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Sunday, October 21, 2012

From Homeschool to Online School to College (Guest Post)


I am off to a college visit with my daughter. Thought this was a good time to leave you with a pretty informative guest post I've been holding onto. Enjoy.


Notes From a Homeschooled Mom has before written about what it takes to prepare homeschooled students for college, and for getting the jobs they ultimately want. Estelle Shumann builds upon this conversation with the following blog post, which talks about how the technological advances in education (especially online education) help homeschooled students with college preparedness in a way never before thought possible. Estelle writes at http://www.onlineschools.org, a website dedicated to online education.


From Homeschool to Online School to College: Technological Advances Prepare Students for the University
As technology has encroached into seemingly every facet of modern life in recent years, the nature of homeschooling has changed as well. In the past five years, online education programs have gone from a strange niche to a mainstream multi-billion dollar industry. As the technology facilitating online
learning improves, private online schools have had to compete with entire college courses offered virtually free of charge from some for the nation's top schools. For home schooled students, this wealth of resources is making college-preparedness easier to accomplish than ever before.

The number of students enrolled in online-only charter schools has risen rapidly in the past few years, from about 40,000 a decade ago to an estimated 250,000 today. Still, despite more than 2.4 million students around the country being listed as “home schooled” each year, a stigma still exists regarding online learning and homeschool learning in general. While adequate data on the overall effectiveness of online homeschooling programs is not yet available, recent studies from the National Home Education Research Institute and Home School Legal Defense Association have been encouraging, claiming that standardized test scores taken by home-educated children are as much as 30% higher than scores by public school students.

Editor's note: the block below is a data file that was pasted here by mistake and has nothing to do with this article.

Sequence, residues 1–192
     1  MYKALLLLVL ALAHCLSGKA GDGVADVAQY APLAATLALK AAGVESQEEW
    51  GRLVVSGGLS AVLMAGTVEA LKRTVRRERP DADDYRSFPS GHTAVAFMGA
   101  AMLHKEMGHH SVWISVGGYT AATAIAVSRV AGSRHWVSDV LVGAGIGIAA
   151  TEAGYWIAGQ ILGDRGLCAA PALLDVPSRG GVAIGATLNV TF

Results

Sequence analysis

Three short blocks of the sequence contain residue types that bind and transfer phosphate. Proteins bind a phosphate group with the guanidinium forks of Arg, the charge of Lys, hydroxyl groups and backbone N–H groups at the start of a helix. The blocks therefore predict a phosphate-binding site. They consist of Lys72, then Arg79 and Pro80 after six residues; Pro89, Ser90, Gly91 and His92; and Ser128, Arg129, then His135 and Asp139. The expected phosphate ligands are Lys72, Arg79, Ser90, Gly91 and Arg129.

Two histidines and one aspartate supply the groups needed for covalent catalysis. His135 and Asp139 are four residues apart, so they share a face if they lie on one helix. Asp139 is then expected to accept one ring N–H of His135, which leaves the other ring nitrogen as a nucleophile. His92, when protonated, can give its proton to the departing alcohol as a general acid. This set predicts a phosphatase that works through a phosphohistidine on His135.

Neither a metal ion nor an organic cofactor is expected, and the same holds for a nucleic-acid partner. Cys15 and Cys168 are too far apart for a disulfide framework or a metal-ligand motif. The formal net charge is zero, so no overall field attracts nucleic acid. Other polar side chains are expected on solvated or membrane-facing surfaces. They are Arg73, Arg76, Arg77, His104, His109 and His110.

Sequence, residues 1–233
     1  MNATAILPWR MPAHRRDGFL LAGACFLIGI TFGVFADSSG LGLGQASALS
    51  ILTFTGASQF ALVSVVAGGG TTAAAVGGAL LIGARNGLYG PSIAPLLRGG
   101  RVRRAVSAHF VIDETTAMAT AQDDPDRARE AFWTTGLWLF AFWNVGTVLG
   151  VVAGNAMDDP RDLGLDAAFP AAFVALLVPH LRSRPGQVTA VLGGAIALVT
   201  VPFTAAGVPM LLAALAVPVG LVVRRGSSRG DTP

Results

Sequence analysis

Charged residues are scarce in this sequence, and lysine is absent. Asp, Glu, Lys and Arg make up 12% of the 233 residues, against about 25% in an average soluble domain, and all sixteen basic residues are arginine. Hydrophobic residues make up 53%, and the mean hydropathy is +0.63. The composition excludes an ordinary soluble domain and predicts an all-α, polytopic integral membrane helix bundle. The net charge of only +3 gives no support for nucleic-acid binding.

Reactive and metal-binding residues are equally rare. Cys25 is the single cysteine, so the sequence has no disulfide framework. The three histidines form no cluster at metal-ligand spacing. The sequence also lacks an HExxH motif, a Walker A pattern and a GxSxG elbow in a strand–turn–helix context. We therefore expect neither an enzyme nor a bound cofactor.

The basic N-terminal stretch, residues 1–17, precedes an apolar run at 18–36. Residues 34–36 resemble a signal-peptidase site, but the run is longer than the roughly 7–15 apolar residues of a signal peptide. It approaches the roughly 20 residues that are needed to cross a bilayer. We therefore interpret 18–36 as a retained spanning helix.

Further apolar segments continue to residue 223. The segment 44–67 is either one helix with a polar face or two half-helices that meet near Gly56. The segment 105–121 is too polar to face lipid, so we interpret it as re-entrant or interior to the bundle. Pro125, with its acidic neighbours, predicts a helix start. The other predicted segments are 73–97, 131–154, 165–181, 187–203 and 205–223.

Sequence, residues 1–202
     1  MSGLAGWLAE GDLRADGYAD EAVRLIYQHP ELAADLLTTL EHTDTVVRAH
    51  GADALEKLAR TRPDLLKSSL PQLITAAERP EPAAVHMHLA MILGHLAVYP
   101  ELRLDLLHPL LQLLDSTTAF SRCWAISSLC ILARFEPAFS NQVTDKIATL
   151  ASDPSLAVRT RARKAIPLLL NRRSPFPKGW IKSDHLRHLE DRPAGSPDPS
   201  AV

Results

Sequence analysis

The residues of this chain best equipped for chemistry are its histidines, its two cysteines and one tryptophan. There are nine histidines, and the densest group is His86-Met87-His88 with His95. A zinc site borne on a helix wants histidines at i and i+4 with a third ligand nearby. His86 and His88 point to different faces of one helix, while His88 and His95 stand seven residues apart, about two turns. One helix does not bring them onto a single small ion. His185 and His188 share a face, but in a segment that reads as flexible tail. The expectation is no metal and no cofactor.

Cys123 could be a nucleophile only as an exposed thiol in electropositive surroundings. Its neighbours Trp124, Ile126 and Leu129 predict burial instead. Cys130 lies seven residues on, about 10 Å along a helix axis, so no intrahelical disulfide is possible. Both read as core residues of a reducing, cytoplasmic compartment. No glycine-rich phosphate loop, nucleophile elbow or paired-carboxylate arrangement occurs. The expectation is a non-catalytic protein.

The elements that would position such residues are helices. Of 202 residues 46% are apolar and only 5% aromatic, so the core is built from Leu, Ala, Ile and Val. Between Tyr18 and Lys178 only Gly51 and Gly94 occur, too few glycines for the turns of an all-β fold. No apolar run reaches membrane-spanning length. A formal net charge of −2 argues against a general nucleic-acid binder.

Carnegie Mellon University is one of the pioneers in online learning, having offered free online courses for over a decade as part of their Open Learning Initiative. 2011 marked a major milestone, though when a free online Stanford course drew 160,000 students. Since then, Harvard and MIT have formed a edX, a venture that offers free classes on multiple disciplines to any curious student with an internet connection. While very few of these resources yet offer official college credit, they provide a valuable resource for home schooled high school-aged students looking to prepare for college coursework.

As increasing sophistication in technology leads to marked growth in the popularity of online schooling, credited courses from established schools are also expected to increase in availability. Today, the schools that do offer college or high school credit require a fee, but it is frequently far more reasonable than the costs of live, traditional courses. At Olympus High School, which allows students to take all courses online, high school and college credits can be received from fully certified teachers with tuition costs similar to the costs of community college or private high school. The school also maintains resources such as an online reference center, writing tools and 24-hour technical support service for all students.

The increased presence of established universities in online education will likely lead to even greater confidence in homeschooling among families. At the same time, sites like Khan Academy, which offers thousands of short, high-quality tutorials on subjects like algebra, chemistry, history, economics empower parents with the confidence to guide their home school children effectively. As the costs of traditional education continue to rise and the quality of education is regularly questioned, technological advances are making homeschooling a viable option for college-bound students who would benefit from the challenges of learning at their own pace in a nurturing environment.  


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